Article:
Although I am strictly speaking about distance, I do have to ask you to ask another question which is this: “WHICH horses did this horse beat when it won at today’s distance?” On first thoughts you might say, well isn’t this covered by class in the earlier question? But any form student should know an Open company race (Class) at Cranbourne or Ipswich or Gawler or Kembla Grange over the same distance as today is not the same if the horses our initial selection has beaten cannot themselves win or at least race well in the city. All this leads to a multiple question: “Where did this horse win, in what class and which horses did it beat?”

As a punter, if you can answer those queries you are well on the way to mastering an aspect of the punt that is often bypassed far too quickly.

Distance ability is often masked by the way a race has been run and even though a horse may have won races in this class, beating good horses, a keen form student will dive into the form and ask himself: “What were the circumstances of the win?”

If the horse was able to lead uncontested, you might ask whether it counts as a win at the distance? Mathematically speaking the answer is yes it is, but formwise it should be treated with extreme caution.

What if the horse won after two or more runners contested a fierce early struggle for the lead and went like last week’s pay, capitulated like a pricked balloon and then all it needed was for some backmarker to run over the top of the early leaders? Again, a mathematically correct distance win in this class but also again a win worthy of some doubt.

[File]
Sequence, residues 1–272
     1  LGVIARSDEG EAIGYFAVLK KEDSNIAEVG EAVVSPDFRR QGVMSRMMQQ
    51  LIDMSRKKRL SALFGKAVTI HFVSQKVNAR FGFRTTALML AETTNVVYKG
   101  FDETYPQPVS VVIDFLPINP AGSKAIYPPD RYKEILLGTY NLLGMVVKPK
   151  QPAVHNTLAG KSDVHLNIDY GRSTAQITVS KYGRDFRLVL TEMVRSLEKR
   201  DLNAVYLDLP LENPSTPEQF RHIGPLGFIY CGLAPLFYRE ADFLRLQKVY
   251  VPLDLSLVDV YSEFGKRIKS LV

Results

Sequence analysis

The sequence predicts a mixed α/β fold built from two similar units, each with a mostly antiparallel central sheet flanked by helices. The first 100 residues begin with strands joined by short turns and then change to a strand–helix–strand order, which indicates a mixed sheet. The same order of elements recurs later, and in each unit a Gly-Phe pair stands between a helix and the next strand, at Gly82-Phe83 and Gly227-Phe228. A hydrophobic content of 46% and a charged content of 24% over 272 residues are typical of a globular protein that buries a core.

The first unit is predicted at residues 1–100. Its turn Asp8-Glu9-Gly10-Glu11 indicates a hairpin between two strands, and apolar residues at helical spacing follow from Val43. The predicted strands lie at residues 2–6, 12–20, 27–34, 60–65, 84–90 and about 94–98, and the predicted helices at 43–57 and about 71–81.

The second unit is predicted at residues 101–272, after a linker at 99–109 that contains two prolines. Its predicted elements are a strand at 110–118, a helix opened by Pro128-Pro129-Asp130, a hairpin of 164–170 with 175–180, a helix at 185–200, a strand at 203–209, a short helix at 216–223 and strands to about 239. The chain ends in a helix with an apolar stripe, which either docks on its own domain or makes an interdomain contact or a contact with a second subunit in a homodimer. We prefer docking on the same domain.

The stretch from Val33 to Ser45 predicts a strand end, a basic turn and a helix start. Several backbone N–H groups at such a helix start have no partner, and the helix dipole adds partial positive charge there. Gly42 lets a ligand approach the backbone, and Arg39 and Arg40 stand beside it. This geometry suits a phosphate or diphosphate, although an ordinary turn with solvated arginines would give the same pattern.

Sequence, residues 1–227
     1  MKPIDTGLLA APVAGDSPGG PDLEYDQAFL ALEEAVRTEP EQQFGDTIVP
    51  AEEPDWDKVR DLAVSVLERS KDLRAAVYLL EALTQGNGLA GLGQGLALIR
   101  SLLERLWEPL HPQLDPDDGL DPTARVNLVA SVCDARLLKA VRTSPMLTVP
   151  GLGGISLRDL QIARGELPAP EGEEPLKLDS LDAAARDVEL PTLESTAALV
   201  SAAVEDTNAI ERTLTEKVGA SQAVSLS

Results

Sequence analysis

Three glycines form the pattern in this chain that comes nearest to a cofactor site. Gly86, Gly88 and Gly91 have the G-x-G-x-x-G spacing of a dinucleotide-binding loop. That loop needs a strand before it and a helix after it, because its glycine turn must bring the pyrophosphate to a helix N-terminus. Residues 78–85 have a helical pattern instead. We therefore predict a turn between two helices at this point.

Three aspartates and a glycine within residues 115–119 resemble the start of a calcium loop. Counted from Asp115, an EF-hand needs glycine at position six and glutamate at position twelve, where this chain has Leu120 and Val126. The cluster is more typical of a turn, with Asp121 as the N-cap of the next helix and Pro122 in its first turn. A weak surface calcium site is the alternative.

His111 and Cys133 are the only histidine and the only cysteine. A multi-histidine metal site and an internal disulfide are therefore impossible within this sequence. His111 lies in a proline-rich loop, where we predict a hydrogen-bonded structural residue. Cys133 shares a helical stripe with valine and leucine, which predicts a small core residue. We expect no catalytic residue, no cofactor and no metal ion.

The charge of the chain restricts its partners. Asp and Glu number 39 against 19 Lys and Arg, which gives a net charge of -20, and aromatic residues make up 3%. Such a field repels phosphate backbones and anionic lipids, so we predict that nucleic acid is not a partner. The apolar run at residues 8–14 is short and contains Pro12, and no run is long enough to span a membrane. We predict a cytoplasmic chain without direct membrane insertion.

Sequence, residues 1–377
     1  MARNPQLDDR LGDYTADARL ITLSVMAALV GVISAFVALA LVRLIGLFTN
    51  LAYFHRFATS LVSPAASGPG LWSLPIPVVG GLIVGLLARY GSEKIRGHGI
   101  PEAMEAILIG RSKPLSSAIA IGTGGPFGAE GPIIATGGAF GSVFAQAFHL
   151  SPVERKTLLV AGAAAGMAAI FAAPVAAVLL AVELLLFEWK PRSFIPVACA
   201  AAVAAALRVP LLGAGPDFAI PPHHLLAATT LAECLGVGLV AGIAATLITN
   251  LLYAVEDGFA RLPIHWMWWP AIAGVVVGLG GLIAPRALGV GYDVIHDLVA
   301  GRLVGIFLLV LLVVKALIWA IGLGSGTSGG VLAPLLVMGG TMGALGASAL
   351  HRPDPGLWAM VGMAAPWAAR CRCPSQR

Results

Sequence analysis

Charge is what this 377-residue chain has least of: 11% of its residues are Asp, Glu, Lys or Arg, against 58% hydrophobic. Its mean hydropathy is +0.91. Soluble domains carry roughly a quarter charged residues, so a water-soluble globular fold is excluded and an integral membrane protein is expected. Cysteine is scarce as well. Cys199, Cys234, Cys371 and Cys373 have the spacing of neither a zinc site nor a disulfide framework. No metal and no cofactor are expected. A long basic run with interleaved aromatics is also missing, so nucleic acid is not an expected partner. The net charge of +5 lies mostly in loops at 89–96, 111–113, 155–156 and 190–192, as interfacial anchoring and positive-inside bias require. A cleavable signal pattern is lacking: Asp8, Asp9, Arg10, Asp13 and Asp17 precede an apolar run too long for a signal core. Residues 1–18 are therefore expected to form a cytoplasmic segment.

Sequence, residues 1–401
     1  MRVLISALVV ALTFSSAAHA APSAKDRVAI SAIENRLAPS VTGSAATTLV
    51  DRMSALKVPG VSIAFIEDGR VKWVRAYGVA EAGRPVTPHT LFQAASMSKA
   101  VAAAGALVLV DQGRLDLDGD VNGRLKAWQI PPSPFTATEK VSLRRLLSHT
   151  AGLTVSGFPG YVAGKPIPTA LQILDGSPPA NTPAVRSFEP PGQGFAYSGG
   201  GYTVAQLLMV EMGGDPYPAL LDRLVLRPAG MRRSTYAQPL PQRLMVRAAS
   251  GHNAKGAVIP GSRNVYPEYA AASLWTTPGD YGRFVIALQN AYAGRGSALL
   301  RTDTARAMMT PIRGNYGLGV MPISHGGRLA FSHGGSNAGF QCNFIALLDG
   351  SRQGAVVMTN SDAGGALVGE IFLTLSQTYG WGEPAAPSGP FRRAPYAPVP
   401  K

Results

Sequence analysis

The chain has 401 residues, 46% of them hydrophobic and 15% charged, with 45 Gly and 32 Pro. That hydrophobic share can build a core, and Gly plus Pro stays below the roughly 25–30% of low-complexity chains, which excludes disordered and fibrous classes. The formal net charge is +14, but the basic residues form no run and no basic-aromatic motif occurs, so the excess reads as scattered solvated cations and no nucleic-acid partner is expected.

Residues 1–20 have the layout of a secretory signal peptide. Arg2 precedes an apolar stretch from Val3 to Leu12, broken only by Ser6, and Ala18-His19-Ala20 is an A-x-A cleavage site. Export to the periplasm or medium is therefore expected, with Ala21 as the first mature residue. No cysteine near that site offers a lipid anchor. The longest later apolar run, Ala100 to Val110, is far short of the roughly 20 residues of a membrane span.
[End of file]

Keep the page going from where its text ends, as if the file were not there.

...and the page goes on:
So far I have discussed the negatives of the distance equation but what about the one hidden  factor that is not always obvious unless some delving into the form is taken?

One such factor is where the formguide shows a horse has had X runs at a distance with zero wins but the runs were in a class above today’s contest. For instance, how would you assess the distance ability of a horse whose formguide figures read zero wins zero placings from four runs at 1600m, yet delving into the form shows this horse was beaten three times by three lengths or less in Group races and today’s race is an open class race.

Now it will obvious-ly be argued this is more a form factor. However, once again mathematically,  a case is being presented regarding distance which commonsense decrees is unfair against the horse.

At times another issue pops up which defies mathematical acceptance and that is the case where a horse may have had three wins at, say, 1200m, zero wins at 1400m and three wins at 1600m and you guessed it – today’s distance is 1400m!

Mathematically speaking again, we have an anomaly. Naturally it can handle the distance IF the wins have been in this class as we have already discussed.

As you will have noticed, the initial thoughts some punters will have re: distance are not as simplistic as first thought.

By Roman Kozlovski